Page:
Institute for Future
Environments

News

05 September 2016

The Australian Mungbean Association is joining forces with QUT and the Queensland Department of Agriculture and Fisheries (DAF) on new research that aims to stop a plant bacteria seasonally affecting significant percentages of our mungbean crop each year.

QUT Centre for Tropical Crops and Biocommodities director Professor Sagadevan Mundree said halo blight disease can cost the mungbean industry millions of dollars annually with effectively no in-crop control measures available to help growers.

“The mungbean industry, now worth $180 million last season, is one of the fastest growing agricultural industries in Australia with the majority of the crop grown in Queensland,” he said.

“Halo blight disease is caused by the bacteria Pseudomonas savastanoi pv. phaseolicola which causes brown water-soaked spots on leaves and pods.

“It can be particularly destructive in spring-sown crops and when it occurs before flowering or during pod development.”

“What we aim to do through innovative research is to gain a deeper understanding of how halo blight infects mungbeans and help develop mungbean varieties that are more genetically resistant to this disease.”

Professor Mundree said while research had been carried out on halo blight in relation to the common bean, research on mungbean has been limited.

He said the Australian Mungbean Association is co-funding a four-year PhD scholarship to help QUT and its collaborators pursue this ground-breaking research.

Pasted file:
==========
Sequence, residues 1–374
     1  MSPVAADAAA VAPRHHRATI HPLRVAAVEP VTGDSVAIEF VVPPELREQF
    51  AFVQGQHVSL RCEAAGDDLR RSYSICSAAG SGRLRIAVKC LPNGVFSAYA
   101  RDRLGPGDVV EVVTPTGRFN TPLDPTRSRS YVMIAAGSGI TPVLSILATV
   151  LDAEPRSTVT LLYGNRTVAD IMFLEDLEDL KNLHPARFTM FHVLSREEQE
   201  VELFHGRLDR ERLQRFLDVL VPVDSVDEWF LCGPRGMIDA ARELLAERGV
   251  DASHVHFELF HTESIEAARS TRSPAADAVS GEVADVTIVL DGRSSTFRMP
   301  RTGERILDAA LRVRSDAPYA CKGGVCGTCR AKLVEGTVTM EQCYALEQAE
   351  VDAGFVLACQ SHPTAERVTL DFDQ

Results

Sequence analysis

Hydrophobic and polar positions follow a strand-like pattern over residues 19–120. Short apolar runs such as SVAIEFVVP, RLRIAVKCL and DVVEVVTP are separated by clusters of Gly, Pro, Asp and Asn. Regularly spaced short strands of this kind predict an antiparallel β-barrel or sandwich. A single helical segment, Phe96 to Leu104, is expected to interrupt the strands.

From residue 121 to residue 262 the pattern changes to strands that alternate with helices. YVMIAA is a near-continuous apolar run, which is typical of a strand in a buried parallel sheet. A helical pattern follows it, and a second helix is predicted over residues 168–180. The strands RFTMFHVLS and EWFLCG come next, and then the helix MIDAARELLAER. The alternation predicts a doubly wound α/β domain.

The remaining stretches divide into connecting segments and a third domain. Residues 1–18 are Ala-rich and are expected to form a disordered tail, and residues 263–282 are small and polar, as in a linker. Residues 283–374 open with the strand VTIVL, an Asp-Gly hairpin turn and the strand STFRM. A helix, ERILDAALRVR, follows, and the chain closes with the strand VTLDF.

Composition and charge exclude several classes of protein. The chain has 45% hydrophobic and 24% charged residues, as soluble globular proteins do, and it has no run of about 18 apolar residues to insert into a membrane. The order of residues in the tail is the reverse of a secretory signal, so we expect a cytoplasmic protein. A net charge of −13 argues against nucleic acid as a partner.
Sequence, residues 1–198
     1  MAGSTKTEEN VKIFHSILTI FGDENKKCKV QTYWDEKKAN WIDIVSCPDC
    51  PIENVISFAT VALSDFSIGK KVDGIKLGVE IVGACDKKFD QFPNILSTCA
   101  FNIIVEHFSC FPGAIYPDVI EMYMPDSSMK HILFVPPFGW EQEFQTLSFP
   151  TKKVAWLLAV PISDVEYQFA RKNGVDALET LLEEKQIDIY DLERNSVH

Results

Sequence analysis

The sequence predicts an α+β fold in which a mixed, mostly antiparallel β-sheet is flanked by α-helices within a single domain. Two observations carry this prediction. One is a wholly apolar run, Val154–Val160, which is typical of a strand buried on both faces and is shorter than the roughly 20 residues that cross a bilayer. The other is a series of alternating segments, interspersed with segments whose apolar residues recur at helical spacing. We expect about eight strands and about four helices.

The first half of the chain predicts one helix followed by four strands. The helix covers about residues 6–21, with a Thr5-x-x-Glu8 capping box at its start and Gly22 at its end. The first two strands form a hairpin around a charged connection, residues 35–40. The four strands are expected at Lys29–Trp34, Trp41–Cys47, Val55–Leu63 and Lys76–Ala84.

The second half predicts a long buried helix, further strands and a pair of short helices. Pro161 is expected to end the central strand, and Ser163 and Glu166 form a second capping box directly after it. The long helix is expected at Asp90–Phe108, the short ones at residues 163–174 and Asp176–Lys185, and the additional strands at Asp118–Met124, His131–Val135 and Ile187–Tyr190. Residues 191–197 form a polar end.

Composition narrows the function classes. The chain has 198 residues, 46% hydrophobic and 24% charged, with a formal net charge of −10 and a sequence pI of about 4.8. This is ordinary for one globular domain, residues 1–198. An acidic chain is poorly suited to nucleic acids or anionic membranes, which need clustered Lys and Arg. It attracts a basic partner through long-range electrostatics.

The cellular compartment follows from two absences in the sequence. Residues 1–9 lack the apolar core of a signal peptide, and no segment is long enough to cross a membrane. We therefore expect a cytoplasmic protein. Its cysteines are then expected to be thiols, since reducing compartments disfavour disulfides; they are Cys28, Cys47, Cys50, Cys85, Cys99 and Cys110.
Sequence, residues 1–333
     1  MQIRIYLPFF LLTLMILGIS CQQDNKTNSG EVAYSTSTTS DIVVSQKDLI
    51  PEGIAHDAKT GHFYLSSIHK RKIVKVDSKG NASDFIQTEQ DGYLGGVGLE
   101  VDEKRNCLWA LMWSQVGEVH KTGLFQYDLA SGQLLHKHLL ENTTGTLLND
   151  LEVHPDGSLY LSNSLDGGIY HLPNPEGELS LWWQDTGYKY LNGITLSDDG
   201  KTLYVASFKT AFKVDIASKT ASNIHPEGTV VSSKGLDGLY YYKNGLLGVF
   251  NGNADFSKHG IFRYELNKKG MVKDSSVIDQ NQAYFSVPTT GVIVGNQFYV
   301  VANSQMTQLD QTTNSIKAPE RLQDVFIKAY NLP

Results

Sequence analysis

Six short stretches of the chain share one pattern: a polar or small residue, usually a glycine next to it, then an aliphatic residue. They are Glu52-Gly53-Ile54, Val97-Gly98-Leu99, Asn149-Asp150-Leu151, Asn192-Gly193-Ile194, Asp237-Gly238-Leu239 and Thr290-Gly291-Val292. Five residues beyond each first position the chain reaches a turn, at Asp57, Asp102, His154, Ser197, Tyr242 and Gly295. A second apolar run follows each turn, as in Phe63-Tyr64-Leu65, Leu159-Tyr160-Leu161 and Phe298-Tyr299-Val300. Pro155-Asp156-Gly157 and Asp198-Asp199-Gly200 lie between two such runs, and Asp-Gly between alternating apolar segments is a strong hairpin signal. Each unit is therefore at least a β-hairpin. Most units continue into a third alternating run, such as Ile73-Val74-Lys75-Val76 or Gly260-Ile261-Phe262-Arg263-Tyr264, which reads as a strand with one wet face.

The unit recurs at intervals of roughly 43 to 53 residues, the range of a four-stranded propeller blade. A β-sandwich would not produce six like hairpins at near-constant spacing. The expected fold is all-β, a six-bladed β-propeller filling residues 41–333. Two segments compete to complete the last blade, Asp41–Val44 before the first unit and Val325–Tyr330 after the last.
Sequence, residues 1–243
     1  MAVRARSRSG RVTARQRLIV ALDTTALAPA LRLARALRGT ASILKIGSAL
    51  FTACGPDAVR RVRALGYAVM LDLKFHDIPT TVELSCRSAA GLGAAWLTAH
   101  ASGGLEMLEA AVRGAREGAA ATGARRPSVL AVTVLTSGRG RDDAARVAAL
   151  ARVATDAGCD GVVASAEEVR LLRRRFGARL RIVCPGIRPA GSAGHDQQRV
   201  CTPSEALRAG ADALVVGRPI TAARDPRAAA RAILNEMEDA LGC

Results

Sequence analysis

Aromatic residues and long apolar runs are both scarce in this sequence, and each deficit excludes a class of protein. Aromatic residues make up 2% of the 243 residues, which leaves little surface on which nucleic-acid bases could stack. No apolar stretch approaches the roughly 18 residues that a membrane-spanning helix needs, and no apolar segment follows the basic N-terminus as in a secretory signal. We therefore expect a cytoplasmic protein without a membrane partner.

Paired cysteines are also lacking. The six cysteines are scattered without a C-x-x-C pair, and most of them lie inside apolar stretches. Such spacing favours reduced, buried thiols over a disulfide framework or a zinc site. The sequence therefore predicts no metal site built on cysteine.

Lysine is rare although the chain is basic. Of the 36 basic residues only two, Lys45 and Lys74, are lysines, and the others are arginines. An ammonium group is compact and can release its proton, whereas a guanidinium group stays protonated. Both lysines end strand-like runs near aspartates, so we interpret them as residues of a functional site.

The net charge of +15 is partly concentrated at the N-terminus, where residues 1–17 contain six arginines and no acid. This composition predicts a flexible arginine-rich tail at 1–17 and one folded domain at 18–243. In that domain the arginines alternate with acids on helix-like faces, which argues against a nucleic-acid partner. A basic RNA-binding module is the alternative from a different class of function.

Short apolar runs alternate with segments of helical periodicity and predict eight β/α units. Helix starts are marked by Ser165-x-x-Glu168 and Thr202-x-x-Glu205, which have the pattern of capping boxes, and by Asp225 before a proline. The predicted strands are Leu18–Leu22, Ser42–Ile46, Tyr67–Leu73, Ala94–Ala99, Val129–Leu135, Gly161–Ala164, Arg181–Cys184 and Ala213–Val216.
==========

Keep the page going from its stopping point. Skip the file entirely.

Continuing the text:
Professor Mundree said samples of the halo blight bacteria would be provided by DAF along with infected plants from around the nation.

“A range of new screening techniques will be developed to test resistance to the various strains of halo blight bacteria, their relationship with each other and their effects on Australian mungbean varieties,” Professor Mundree said.

“Mungbean reaction to the bacteria will be evaluated and gene for gene interactions between the bacteria and mungbeans uncovered.”

Professor Mundree said this would ultimately assist the development of mungbean varieties more resistant to halo blight.

This new research, coupled with existing drought-tolerance and other mungbean research the university was conducting, will help growers and industry better meet the unprecedented demand for our clean green mungbeans in key export markets.

Other research includes:

  • World-first field trials of drought-tolerant mungbeans near Kingaroy where plants are producing far more seeds per gram of biomass with harvest index increasing by 20 per cent.
  • A Nested Association Mapping population tool developed in conjunction with DAF has enabled us to genetically map a diverse range of mungbean lines which will assist the breeding of even better mungbean varieties for Australian growers.
  • A modelling tool has identified the patterns of environmental stresses that mungbean crops face across Queensland and suggested new ways to address these challenges.

Media contact: Rose Trapnell, QUT media team leader, 07 3138 2361 or 0407 585 901 rose.trapnell@qut.edu.au

Australian Mungbean Association (AMA) is funding research. Left to right: Robert Anderson ( AMA president), James Hunt (AMA), Thomas Noble (PhD Scholarship recipient), Professor Sagadevan Mundree, Brett McIntyre (AMA), Dr Brett Williams.

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